T cells commit suicide, but B cells are murdered?

D. W. Scott*, T. Grdina, Y. Shi

*Corresponding author for this work

Research output: Contribution to journalComment/debate

83 Scopus citations


In addition to self tolerance, the immune system needs to be regulated when a response has been initiated. Recent data suggest that activated T and B cells, as well as immature lymphocytes, are susceptible to programmed cell death and that Fas:Fas ligand (FasL) interactions play an important role in this process. However, while T cells may kill themselves via a Fas-dependent pathway, we propose that B cells undergo activation-induced apoptosis independent of Fas, yet can be susceptible to T cell-mediated, FasL-induced death. Therefore, T cells can 'commit suicide, but B cells are 'murdered' during the regulation of an immune response! Further evidence is presented to support the hypothesis that T cell and B cell apoptosis are initiated through fundamentally different pathways.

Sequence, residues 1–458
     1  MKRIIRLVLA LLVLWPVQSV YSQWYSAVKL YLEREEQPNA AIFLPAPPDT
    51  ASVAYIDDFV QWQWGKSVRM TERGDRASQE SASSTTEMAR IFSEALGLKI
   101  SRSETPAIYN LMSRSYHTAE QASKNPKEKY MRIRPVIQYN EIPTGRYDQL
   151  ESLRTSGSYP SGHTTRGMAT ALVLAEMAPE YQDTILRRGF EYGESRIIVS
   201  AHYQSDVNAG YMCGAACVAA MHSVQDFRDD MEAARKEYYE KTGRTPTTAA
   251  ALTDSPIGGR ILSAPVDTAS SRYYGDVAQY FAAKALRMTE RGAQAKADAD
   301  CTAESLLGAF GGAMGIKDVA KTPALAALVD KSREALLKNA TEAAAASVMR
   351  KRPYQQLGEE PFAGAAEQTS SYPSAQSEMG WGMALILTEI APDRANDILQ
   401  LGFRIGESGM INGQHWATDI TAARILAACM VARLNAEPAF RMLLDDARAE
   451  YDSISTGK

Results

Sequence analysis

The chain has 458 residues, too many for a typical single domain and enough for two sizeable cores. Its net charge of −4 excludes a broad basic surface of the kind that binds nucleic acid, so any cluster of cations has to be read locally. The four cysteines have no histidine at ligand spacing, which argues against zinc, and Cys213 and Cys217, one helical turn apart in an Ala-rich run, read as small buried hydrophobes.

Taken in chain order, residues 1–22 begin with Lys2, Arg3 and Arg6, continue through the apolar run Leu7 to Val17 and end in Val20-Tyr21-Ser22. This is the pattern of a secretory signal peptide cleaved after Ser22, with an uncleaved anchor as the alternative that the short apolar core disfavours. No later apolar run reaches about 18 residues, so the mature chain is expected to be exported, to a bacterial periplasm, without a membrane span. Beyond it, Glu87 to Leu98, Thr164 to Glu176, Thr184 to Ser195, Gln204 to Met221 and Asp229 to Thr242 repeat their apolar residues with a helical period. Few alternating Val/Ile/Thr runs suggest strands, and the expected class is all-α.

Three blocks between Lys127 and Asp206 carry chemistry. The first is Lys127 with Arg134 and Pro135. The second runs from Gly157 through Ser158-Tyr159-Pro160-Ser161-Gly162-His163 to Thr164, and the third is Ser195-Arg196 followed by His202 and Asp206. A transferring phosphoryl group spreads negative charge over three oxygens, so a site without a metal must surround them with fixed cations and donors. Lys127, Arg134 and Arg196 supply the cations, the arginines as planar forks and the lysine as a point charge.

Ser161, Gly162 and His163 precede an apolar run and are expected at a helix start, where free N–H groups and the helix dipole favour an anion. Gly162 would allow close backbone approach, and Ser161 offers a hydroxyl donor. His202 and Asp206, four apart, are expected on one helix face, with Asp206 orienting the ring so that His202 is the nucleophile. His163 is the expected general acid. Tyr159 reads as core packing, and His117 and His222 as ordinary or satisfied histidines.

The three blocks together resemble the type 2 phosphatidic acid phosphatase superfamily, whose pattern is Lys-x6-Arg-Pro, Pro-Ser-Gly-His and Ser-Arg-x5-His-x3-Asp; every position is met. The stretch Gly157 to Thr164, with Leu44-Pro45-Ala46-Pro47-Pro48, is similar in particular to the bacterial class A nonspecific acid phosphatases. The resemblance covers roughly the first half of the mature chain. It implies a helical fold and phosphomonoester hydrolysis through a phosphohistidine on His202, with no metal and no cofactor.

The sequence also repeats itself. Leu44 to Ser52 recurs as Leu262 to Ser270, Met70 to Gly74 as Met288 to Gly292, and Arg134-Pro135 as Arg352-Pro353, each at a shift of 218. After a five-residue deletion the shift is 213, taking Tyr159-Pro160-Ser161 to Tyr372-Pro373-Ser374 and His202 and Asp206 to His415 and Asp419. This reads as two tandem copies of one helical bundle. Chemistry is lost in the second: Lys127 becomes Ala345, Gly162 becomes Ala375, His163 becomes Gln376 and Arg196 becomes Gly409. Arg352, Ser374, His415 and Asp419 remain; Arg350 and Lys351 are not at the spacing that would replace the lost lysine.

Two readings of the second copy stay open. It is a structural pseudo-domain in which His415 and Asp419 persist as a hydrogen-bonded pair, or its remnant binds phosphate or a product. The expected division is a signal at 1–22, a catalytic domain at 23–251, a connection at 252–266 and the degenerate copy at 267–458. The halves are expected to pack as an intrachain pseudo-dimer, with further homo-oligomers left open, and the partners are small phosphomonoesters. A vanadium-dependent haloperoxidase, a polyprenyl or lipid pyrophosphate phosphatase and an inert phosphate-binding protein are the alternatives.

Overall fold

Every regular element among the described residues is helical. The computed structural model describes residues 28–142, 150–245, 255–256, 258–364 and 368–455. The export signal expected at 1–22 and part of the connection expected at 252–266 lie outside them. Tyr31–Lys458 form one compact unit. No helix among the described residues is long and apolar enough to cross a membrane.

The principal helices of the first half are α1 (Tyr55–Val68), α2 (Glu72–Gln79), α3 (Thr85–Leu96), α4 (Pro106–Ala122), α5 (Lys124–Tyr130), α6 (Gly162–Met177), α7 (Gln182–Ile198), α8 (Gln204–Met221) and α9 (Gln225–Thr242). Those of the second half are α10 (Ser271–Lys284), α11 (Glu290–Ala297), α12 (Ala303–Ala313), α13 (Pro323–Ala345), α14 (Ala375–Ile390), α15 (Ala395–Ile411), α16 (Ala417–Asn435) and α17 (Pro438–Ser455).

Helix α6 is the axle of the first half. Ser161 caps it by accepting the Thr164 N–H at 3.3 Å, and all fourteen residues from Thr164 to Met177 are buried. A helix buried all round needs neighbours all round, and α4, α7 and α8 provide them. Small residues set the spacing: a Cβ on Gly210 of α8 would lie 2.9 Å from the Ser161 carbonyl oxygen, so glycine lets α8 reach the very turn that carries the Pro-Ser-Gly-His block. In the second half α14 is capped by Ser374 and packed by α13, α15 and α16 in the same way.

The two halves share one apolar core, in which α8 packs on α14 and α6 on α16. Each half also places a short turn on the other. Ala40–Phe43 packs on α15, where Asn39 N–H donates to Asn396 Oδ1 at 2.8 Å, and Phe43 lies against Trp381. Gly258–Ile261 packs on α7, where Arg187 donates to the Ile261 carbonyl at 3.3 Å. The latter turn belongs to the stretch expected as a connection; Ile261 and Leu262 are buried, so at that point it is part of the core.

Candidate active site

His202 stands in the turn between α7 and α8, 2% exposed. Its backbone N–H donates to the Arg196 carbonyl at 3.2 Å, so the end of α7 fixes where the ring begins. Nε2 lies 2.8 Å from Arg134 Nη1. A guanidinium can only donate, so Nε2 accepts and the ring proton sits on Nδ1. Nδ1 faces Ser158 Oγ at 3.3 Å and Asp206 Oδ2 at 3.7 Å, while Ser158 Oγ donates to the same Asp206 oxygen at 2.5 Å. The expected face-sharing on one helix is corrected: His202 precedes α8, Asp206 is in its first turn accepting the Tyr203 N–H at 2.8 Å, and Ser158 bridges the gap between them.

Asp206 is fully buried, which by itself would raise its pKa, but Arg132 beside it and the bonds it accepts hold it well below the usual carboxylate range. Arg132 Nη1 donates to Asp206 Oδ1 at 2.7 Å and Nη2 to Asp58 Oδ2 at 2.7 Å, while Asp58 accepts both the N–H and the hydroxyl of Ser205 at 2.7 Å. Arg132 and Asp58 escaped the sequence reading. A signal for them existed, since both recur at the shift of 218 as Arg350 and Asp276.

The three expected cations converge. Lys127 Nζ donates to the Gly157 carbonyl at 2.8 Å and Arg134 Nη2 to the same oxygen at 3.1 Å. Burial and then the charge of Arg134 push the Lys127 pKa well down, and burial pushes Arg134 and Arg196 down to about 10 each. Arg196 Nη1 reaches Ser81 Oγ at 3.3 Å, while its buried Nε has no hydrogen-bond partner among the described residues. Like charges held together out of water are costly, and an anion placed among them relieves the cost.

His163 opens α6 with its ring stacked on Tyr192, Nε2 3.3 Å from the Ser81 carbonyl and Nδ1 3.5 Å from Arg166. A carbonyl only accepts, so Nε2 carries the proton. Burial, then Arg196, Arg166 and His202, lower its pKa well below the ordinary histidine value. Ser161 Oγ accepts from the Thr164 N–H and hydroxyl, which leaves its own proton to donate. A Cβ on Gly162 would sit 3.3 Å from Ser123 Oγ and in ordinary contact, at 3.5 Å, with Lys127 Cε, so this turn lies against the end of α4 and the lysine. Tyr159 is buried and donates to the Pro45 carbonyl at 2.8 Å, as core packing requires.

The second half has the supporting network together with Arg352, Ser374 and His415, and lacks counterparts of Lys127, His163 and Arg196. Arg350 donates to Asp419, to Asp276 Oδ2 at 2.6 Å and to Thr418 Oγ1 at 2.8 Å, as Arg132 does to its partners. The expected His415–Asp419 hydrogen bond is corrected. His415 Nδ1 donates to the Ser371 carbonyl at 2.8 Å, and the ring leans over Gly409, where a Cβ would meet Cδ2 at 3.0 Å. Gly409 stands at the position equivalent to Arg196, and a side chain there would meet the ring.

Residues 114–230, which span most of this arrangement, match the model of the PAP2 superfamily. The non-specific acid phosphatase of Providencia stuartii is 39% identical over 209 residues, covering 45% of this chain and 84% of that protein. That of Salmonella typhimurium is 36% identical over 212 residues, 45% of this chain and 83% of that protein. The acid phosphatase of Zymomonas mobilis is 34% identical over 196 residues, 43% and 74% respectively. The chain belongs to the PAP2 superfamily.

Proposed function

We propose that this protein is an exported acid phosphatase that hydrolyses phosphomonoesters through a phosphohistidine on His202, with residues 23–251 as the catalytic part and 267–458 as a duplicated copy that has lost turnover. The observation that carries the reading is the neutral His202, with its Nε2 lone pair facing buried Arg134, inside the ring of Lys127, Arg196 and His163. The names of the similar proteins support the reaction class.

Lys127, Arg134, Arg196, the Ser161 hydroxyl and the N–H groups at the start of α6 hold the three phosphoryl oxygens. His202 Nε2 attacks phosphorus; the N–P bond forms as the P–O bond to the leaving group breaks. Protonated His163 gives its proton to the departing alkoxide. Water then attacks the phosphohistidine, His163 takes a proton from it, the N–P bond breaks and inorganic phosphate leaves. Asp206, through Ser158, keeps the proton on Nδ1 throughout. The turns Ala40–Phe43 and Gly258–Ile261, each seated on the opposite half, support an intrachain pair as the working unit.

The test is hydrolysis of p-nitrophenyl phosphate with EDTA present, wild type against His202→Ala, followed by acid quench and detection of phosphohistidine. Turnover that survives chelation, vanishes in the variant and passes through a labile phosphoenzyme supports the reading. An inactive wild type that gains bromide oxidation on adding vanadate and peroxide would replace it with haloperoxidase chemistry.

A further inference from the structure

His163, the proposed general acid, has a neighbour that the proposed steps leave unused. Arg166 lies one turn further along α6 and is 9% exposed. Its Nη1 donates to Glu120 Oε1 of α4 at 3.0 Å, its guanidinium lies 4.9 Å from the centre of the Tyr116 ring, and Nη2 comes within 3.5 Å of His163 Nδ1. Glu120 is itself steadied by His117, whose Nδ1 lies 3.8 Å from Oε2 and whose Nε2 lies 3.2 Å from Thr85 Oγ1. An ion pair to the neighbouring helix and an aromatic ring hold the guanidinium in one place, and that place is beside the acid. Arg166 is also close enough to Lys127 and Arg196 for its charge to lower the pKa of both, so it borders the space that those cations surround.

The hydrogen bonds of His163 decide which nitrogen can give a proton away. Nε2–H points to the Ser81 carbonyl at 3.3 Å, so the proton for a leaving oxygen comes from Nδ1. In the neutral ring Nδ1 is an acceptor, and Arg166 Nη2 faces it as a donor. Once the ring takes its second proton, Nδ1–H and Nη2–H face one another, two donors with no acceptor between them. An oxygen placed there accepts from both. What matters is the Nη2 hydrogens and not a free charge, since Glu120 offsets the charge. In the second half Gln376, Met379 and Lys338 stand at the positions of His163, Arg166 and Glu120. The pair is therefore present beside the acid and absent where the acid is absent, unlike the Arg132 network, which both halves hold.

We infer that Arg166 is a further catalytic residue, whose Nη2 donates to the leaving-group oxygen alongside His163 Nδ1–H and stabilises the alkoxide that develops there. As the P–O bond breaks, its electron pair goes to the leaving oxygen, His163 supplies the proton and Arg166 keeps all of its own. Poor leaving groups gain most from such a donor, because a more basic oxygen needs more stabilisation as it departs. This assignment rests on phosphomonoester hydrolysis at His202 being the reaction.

Original languageEnglish
Pages (from-to)2352-2356
Number of pages5
JournalJournal of Immunology
Issue number7
StatePublished - 1996
Externally publishedYes


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